What is the root of the problem here? We assert it is the enormous economic rents, or free money, that have been created by the NCAA cartel. Moreover, no college or university can be expected to withstand the ill-gotten gain that lurks underneath the NCAA banner. The NCAA is a cartel of the major athletic universities in the United States that sets wages, playing conditions, and other aspects of intercollegiate athletics. Most prominently of these is a restriction on payments to football and basketball players. These two sports create billions of dollars in local and national revenues via gate receipts, TV contracts, and ancillary merchandise, not to mention millions of dollars annually at member schools in donations by alumni and other supporters of athletic programs.

Coaches sign multi-year multi-million dollar contracts while players get tuition, room and board, and recently, only because of an important court case (White v. NCAA), some pocket money to cover the cost of living. Big chunks of these revenues also go to support other men and women athletic teams on campuses, swimming, track, golf, soccer, and the like. None of this would be possible but for the overarching cartel agreement between all of the major U.S. colleges and universities operated under the umbrella of the NCAA.

Both of us have long held, along with numerous other economists (such as Gary Becker and Robert Barro), that the NCAA’s cartel harms the market, the world, and the athletes, but now we are prepared to claim more. To wit, this crisis in athletics puts the American system of higher education at risk.

Despite our earlier disclaimer, UNC-CH is an incredible academic institution, a virtual colossus of graduate education, research, and professional education. Yet with all its storied history and social importance, the school has put its institutional credibility and brand name at risk by succumbing to the perverse incentives created by the cartel, a cartel whose primary function is to maintain a fa├žade of amateurism on the one hand while aggressively pursuing commercial profits on the other. Never mind the morality of the arrangement. Focus instead on what this temptation has done to the University, and remember that this has been happening at lesser schools for a long time. Now that it has reached the ranks of most elite universities, it is hard to argue that any school is immune from becoming ensnared in the inevitable trap that lies in the huge gulf between amateur inputs (the lowly paid players) and professional outputs (massive TV contracts, alumni donations, and ticket prices).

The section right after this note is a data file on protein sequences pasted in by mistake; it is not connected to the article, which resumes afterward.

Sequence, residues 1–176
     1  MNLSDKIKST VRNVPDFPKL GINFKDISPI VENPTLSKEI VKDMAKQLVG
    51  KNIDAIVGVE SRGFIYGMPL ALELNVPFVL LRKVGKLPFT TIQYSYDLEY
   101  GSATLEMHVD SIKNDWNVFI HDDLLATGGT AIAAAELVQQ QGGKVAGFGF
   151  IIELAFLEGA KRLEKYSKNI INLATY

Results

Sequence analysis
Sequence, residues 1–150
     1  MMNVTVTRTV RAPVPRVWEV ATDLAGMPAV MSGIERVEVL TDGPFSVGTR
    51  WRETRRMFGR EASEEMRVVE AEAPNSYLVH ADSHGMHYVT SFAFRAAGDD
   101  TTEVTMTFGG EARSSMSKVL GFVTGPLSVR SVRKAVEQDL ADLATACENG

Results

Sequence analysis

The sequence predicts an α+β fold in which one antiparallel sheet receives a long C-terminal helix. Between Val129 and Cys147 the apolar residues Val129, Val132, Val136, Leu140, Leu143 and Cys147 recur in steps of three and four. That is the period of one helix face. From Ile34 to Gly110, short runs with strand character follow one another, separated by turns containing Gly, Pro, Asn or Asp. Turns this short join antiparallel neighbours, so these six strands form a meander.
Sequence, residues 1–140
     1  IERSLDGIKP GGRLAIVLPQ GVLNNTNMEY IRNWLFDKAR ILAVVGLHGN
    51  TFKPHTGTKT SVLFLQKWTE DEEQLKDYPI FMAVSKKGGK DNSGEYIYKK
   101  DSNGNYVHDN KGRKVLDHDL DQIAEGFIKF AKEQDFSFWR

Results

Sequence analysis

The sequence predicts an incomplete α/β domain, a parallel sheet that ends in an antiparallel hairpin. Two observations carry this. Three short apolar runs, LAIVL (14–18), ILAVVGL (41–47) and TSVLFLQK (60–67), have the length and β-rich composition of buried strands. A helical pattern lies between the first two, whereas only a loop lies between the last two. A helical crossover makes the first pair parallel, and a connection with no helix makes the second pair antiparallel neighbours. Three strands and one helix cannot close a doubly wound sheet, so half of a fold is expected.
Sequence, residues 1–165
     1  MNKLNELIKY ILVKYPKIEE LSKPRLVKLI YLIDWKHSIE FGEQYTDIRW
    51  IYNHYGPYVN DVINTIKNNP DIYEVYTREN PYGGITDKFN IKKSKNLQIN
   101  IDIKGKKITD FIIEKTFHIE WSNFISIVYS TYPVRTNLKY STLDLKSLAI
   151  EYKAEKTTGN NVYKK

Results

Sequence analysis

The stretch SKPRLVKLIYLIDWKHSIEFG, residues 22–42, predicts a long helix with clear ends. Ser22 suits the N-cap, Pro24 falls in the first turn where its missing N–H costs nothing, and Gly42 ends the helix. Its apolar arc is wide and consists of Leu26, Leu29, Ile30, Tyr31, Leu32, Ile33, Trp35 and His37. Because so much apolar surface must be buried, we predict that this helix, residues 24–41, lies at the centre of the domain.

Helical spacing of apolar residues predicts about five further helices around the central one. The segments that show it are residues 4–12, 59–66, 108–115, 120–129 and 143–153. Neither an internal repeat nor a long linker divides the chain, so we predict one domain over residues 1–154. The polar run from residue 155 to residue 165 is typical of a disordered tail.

Hear us clearly, we are NOT arguing to pay players. We are lamenting the diminution of the reputation of a top ranked public university and the warning signal that it sends about the dangers of the incentives created in this case. We believe in amateurism, deeply. But we believe that it should apply broadly to the coaches, the fans, and all the rest of the participants in intercollegiate sports. If amateurism is a shrine, then let us all worship it. The fans should get to see the games for nothing or nearly so (the costs of facilities and game day services). The coaches should be faculty or volunteers as they are in Little League and in local neighborhoods. It is not amateurism, but the business of intercollegiate athletics is a growing cancer bound to infect other storied American institutions of higher education.

Where does the fault lie? It lies plainly on the shoulders of the NCAA cartel. We propose that our school, Clemson, and the rest of the schools in the ACC leave the organization, sit down, take stock and decide whether the Ivy League approach is better for the ACC (no athletic scholarships) or whether the players should receive reasonable compensation. We do not take a position on the issue. Each league within the NCAA should do the same, and we doubt that they will all choose the same course. Some will go the Ivy route, others the payment route. And that is as it should be. There should NOT be one authority in control of almost all collegiate athletics in the United States. Competition is salutary, and it should prevail both on and off the field.

Cartels are a bad bargain. They raise price to consumers, reduce output and social welfare, and enrich one class of participants at the expense of another, creating envy and strife. The NCAA cartel is especially perverse because it disadvantages young people (often from challenging backgrounds) to the advantage of adults. And worse, it is morally corrupting to these same young people, compounded by the fact that it derives from the same university institutions society has charged to nurture them to adulthood.